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date: 05 July 2020

Virgil 70–19 bc
Roman poet 

  1. Arma virumque cano, Troiae qui primus ab oris
    Italiam fato profugus Laviniaque venit
    Litora, multum ille et terris iactatus et alto
    Vi superum, saevae memorem Iunonis ob iram.
     
    I sing of arms and the man who first from the shores of Troy came destined an exile to Italy and the Lavinian beaches, a man much buffeted on land and on the deep by force of the gods because of fierce Juno's never-forgetting anger.
    Aeneid bk. 1, l. 1; see Dryden
  2. Forsan et haec olim meminisse iuvabit.
     
    Maybe one day it will be cheering to remember even these things.
    Aeneid bk. 1, l. 203
  3. Sunt lacrimae rerum et mentem mortalia tangunt.
     
    There are tears shed for things even here and mortality touches the heart.
    Aeneid bk. 1, l. 462
  4. Equo ne credite, Teucri.
    Quidquid id est, timeo Danaos et dona ferentes.
     
    Do not trust the horse, Trojans. Whatever it is, I fear the Greeks even when they bring gifts.
    Aeneid bk. 2, l. 48
  5. Una salus victis nullam sperare salutem.
     
    The only safe course for the defeated is to expect no safety.
    Aeneid bk. 2, l. 355
  6. Dis aliter visum.
     
    The gods thought otherwise.
    Aeneid bk. 2, l. 428
  7. Quid non mortalia pectora cogis,
    Auri sacra fames!
     
    To what do you not drive human hearts, cursed craving for gold!
    Aeneid bk. 3, l. 56
  8. Agnosco veteris vestigia flammae.
     
    I feel again a spark of that ancient flame.
    Aeneid bk. 4, l. 23; see Dante
  9. Varium et mutabile semper
    Femina.
     
    Fickle and changeable always is woman.
    Aeneid bk. 4, l. 569
  10. Hos successus alit: possunt, quia posse videntur.
     
    These success encourages: they can because they think they can.
    Aeneid bk. 5, l. 231
  11. Bella, horrida bella,
    Et Thybrim multo spumantem sanguine cerno.
     
    I see wars, horrible wars, and the Tiber foaming with much blood.
    Aeneid bk. 6, l. 86; see Powell
  12. Facilis descensus Averno:
    Noctes atque dies patet atri ianua Ditis;
    Sed revocare gradum superasque evadere ad auras,
    Hoc opus, hic labor est.
     
    Easy is the way down to the Underworld: by night and by day dark Hades' door stands open; but to retrace one's steps and to make a way out to the upper air, that's the task, that is the labour.
    Aeneid bk. 6, l. 126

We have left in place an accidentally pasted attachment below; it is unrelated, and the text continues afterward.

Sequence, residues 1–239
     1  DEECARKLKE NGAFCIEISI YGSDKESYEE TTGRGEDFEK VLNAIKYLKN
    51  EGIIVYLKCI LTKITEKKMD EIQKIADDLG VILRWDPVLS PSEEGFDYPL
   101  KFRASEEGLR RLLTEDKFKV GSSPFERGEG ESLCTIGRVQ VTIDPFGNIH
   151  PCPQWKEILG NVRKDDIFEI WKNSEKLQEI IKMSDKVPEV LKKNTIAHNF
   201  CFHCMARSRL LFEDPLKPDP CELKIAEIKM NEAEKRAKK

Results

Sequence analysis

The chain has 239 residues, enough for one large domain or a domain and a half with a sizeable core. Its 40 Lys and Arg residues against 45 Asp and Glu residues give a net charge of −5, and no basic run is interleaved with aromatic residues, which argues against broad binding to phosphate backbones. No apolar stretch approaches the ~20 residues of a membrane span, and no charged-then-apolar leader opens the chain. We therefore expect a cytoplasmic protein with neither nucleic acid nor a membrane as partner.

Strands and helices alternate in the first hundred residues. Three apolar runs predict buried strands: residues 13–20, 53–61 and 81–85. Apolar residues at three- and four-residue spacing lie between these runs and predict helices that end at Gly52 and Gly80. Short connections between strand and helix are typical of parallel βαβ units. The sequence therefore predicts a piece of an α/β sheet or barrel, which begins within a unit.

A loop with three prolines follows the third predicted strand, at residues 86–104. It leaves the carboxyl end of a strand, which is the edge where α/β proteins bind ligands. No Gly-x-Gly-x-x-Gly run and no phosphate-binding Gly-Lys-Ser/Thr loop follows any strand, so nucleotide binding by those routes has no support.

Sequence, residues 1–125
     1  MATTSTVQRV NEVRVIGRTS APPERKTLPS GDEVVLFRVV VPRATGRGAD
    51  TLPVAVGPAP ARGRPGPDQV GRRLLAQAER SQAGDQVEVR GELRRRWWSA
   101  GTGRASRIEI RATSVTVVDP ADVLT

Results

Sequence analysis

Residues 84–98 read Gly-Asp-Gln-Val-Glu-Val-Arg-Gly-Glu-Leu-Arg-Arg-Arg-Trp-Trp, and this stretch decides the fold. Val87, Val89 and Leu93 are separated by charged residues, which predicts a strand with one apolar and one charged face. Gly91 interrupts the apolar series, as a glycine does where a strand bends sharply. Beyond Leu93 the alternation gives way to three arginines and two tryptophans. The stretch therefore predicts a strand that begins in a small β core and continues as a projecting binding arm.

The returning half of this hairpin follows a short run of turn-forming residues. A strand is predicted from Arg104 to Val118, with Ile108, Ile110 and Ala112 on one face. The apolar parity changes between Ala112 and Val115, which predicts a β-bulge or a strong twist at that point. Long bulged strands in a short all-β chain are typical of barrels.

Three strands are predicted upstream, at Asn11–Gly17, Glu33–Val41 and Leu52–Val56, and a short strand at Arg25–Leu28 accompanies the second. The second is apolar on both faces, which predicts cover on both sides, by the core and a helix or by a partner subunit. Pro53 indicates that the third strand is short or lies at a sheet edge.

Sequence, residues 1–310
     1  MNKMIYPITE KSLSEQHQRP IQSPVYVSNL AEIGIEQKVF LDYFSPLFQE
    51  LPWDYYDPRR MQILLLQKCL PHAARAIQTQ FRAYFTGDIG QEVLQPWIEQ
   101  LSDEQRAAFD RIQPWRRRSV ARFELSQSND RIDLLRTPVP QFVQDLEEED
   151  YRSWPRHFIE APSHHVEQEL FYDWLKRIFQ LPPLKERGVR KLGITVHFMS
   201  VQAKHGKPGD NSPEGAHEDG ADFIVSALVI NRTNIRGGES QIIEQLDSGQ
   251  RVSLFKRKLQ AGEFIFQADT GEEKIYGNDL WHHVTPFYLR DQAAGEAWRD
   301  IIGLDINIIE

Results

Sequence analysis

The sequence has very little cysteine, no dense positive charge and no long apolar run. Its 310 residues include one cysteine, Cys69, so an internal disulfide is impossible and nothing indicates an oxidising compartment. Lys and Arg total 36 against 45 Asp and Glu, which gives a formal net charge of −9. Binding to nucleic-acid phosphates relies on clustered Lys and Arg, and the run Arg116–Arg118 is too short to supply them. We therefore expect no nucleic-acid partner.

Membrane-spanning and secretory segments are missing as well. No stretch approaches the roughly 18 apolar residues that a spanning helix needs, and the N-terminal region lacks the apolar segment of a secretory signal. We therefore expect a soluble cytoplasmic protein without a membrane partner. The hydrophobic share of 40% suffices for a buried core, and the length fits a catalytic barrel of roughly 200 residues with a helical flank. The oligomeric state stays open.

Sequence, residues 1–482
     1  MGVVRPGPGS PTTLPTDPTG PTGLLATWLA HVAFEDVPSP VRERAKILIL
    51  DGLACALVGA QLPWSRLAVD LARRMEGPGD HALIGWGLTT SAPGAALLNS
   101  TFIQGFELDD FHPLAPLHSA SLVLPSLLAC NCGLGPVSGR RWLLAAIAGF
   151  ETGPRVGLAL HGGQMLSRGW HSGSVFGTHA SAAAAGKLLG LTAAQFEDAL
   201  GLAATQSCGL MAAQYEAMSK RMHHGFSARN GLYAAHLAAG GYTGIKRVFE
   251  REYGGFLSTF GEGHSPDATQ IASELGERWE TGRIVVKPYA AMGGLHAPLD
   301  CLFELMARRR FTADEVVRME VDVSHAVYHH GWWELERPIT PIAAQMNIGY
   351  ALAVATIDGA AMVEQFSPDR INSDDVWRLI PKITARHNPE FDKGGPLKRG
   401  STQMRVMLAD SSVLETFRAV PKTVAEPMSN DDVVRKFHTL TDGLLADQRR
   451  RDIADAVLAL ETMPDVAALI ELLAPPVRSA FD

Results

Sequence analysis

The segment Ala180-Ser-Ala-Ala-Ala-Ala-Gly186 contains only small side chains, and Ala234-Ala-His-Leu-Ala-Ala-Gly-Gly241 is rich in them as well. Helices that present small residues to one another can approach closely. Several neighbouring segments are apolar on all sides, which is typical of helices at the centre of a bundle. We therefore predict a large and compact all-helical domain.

13. Stabant orantes primi transmittere cursum
    Tendebantque manus ripae ulterioris amore.
     
    They stood begging to be the first to make the voyage over and they reached out their hands in longing for the further shore.
    Aeneid bk. 6, l. 313
  14. Spiritus intus alit, totamque infusa per artus
    Mens agitat molem et magno se corpore miscet.
     
    The spirit within nourishes, and mind instilled throughout the living parts activates the whole mass and mingles with the vast frame.
    Aeneid bk. 6, l. 726
  15. Tu regere imperio populos, Romane, memento
    (Hae tibi erunt artes), pacique imponere morem,
    Parcere subiectis et debellare superbos.
     
    You, Roman, make your task to rule nations by your government (these shall be your skills), to impose ordered ways upon a state of peace, to spare those who have submitted and to subdue the arrogant.
    Aeneid bk. 6, l. 851
  16. Geniumque loci…precatur.
     
    He prays…to the spirit of the place.
    Aeneid bk. 7, l. 136; see Pope
  17. Flectere si nequeo superos, Acheronta movebo.
     
    If I am unable to make the gods above relent, I shall move Hell.
    Aeneid bk. 7, l. 312
  18. Macte nova virtute, puer, sic itur ad astra.
     
    Blessings on your young courage, boy; that's the way to the stars.
    Aeneid bk. 9, l. 641
  19. Audentis Fortuna iuvat.
     
    Fortune assists the bold.
    often quoted as ‘Fortune favours the brave’
    Aeneid bk. 10, l. 284; see Terence
  20. Experto credite.
     
    Trust one who has gone through it.
    Aeneid bk. 11, l. 283
  21. Latet anguis in herba.
     
    There's a snake hidden in the grass.
    Eclogues no. 3, l. 93
  22. Ultima Cumaei venit iam carminis aetas;
    Magnus ab integro saeclorum nascitur ordo.
    Iam redit et virgo, redeunt Saturnia regna,
    Iam nova progenies caelo demittitur alto.
     
    Now has come the last age according to the oracle at Cumae; the great series of lifetimes starts anew. Now too the virgin goddess returns, the golden days of Saturn's reign return, now a new race is sent down from high heaven.
    Eclogues no. 4, l. 4
  23. Ambo florentes aetatibus, Arcades ambo.
     
    Both in the flower of their youth, Arcadians both.
    Eclogues no. 7, l. 4
  24. Nunc scio quid sit Amor.
     
    Now I know what Love is.
    Eclogues no. 8, l. 43
  25. Non omnia possumus omnes.
     
    We can't all do everything.
    Eclogues no. 8, l. 63; see Lucilius
  26. Omnia vincit Amor: et nos cedamus Amori.
     
    Love conquers all things: let us too give in to Love.
    Eclogues no. 10, l. 69; see Chaucer
  27. Ultima Thule.
     
    Farthest Thule.
    Georgics no. 1, l. 30
  28. Ter sunt conati imponere Pelio Ossam
    Scilicet atque Ossae frondosum involvere Olympum.
     
    Three times they endeavoured to pile Ossa on Pelion, no less, and to roll leafy Olympus on top of Ossa.
    Georgics no. 1, l. 281
  29. O fortunatos nimium, sua si bona norint,
    Agricolas!
     
    O farmers excessively fortunate if only they recognized their blessings!
    Georgics no. 2, l. 458
  30. Felix qui potuit rerum cognoscere causas.
     
    Lucky is he who has been able to understand the causes of things.
    Georgics no. 2, l. 490
  31. Sed fugit interea, fugit inreparabile tempus.
     
    But meanwhile it is flying, irretrievable time is flying.
    usually quoted as ‘tempus fugit [time flies]’
    Georgics no. 3, l. 284